In Canada, reported cases of foodborne illness caused by certain pathogens decreased during the COVID-19 pandemic, according to a recent study. Specifically, in 2020 compared with the previous 5-year period, decreases in the number of reported cases were noted for Salmonella, Shigella, Escherichia coli O157, and non-O157 Shiga toxin-producing E. coli (STEC).

However, the reported number of cases of Listeria monocytogenes in 2020 remained similar to that of the previous 5-year period.

The study collected data from the Canadian National Enteric Surveillance Program (NESP), which reports the number of key laboratory-confirmed enteric pathogens in Canada on a weekly basis. At the federal level, whole genome sequencing (WGS) data from PulseNet Canada are reviewed by epidemiologists in outbreak investigations to determine the vehicle of infection, which is information also considered in the study.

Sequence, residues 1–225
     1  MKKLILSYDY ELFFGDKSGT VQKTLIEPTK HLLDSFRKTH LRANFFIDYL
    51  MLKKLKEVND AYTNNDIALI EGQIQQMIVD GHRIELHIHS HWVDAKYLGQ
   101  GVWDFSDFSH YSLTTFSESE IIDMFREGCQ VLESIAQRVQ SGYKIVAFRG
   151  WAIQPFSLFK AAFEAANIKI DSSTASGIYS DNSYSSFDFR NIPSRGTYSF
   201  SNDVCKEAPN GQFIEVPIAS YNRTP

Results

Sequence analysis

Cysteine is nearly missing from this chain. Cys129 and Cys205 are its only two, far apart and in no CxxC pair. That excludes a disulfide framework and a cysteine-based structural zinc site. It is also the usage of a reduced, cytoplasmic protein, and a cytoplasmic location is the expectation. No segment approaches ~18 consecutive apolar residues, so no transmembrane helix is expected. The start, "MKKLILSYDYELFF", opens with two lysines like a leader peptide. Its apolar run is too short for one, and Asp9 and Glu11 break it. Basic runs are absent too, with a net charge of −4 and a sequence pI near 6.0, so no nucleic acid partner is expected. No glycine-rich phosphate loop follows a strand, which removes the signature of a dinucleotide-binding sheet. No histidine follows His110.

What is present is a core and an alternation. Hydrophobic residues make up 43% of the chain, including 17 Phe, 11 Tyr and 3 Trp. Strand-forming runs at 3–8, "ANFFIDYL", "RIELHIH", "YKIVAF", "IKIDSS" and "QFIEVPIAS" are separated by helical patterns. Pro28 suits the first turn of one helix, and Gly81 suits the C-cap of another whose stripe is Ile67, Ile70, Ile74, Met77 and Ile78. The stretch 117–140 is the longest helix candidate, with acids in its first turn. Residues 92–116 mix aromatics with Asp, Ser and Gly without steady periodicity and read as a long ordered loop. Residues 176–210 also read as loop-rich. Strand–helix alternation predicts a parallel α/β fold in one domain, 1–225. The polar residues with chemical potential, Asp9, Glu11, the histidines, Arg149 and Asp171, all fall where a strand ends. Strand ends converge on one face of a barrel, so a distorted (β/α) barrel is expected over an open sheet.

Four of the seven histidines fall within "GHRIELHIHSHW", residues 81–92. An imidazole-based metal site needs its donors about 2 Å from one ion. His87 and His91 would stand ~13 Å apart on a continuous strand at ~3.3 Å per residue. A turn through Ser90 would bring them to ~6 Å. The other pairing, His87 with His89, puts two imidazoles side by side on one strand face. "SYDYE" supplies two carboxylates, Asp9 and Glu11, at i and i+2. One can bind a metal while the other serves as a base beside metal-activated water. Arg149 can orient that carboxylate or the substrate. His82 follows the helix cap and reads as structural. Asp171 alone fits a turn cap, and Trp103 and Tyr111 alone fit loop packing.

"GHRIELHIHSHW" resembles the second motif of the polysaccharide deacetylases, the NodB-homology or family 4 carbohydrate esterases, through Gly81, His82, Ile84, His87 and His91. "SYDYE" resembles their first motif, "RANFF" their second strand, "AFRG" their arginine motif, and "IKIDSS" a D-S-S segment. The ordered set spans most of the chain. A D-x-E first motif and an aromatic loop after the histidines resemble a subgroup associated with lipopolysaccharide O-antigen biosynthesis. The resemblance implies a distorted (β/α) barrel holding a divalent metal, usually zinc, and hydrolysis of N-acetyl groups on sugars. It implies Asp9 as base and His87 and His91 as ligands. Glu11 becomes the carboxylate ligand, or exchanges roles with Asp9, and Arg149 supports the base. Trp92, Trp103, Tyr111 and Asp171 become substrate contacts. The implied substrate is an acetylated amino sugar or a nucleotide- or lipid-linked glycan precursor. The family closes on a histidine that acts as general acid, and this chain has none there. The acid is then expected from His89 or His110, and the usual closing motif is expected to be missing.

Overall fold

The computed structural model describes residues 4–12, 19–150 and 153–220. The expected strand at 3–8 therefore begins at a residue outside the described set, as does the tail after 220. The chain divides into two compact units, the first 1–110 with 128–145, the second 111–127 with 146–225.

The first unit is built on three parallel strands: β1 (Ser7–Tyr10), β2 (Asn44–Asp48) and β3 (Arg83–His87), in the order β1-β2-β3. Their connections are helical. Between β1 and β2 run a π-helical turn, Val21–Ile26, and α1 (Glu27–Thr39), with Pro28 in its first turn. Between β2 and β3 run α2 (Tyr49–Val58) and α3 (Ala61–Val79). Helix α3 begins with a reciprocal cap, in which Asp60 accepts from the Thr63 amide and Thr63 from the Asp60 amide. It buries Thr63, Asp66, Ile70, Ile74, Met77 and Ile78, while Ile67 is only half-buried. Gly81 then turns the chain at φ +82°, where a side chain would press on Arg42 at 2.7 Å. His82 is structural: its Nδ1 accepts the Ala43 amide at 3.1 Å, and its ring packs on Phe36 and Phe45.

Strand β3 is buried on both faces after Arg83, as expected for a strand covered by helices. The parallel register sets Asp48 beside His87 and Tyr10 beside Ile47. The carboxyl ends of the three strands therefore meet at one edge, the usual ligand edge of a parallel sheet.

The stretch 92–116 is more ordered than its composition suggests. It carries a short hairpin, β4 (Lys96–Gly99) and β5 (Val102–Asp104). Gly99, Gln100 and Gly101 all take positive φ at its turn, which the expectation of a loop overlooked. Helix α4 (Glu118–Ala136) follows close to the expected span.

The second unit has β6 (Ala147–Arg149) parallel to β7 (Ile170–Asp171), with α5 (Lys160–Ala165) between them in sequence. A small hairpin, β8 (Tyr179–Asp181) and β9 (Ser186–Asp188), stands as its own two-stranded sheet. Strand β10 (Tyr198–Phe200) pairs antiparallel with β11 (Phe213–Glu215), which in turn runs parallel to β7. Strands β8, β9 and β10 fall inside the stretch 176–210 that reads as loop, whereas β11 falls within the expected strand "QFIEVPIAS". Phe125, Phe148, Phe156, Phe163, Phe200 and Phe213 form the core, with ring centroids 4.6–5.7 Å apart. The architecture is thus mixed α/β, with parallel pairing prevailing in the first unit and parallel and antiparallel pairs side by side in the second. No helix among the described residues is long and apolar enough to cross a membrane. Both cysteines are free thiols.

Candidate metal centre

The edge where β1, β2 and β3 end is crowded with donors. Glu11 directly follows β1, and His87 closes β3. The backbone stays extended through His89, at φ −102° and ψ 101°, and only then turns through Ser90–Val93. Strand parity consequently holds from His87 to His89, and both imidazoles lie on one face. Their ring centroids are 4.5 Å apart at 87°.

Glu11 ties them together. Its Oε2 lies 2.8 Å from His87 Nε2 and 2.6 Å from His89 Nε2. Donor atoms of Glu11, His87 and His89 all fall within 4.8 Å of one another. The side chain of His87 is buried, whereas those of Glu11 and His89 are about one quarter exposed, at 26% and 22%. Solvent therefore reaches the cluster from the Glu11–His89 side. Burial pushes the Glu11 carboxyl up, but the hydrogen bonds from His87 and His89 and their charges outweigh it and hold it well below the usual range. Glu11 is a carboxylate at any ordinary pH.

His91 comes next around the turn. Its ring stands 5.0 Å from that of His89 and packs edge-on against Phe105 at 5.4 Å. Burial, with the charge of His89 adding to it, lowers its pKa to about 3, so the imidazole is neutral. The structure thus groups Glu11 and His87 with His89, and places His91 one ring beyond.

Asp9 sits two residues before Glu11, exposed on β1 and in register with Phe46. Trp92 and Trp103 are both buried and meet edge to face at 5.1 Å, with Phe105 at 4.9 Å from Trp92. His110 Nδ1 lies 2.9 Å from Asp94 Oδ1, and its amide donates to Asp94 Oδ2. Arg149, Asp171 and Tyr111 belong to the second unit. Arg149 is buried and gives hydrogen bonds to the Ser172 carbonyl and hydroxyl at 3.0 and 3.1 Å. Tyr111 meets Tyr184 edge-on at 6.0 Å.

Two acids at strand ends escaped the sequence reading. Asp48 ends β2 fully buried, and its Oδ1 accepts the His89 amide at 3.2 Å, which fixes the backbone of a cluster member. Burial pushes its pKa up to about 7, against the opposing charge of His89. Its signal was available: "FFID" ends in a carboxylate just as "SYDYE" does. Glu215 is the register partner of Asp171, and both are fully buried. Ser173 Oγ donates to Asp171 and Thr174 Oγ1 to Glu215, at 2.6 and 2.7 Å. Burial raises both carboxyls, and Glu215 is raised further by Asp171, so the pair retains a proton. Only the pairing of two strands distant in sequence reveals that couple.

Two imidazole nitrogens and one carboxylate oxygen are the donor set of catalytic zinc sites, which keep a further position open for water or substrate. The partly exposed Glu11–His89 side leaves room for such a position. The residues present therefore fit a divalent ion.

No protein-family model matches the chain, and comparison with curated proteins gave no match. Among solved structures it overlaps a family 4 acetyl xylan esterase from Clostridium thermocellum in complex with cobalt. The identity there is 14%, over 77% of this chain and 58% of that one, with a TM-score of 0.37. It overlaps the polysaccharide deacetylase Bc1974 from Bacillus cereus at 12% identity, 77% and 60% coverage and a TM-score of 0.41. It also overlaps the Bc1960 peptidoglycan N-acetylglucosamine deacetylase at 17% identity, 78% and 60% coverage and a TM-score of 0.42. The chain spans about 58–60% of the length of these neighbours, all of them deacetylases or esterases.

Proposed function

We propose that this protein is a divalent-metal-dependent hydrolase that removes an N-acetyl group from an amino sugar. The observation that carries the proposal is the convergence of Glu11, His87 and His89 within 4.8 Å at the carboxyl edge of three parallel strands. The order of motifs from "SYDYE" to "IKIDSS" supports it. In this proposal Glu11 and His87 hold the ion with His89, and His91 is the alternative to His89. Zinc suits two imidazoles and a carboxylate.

Compared with the average number of cases reported by the provincial public health laboratories in the previous 5 years (9,053), there was a 33 percent reduction in the total number of cases of enteric pathogens reported nationally in 2020 (6,054), which saw the lowest total count in 23 years of monitoring enteric illness at the national level. Similar declines in reported enteric illness incidence in 2020 were observed in other countries, including the U.S., which observed a 26 percent decrease in reported enteric illness incidence in 2020.

Possible reasons for the decline in reported rates of enteric illness include changes in health care seeking behavior, changes in behaviors related to exposure, and decreases in international travel during the COVID-19 pandemic.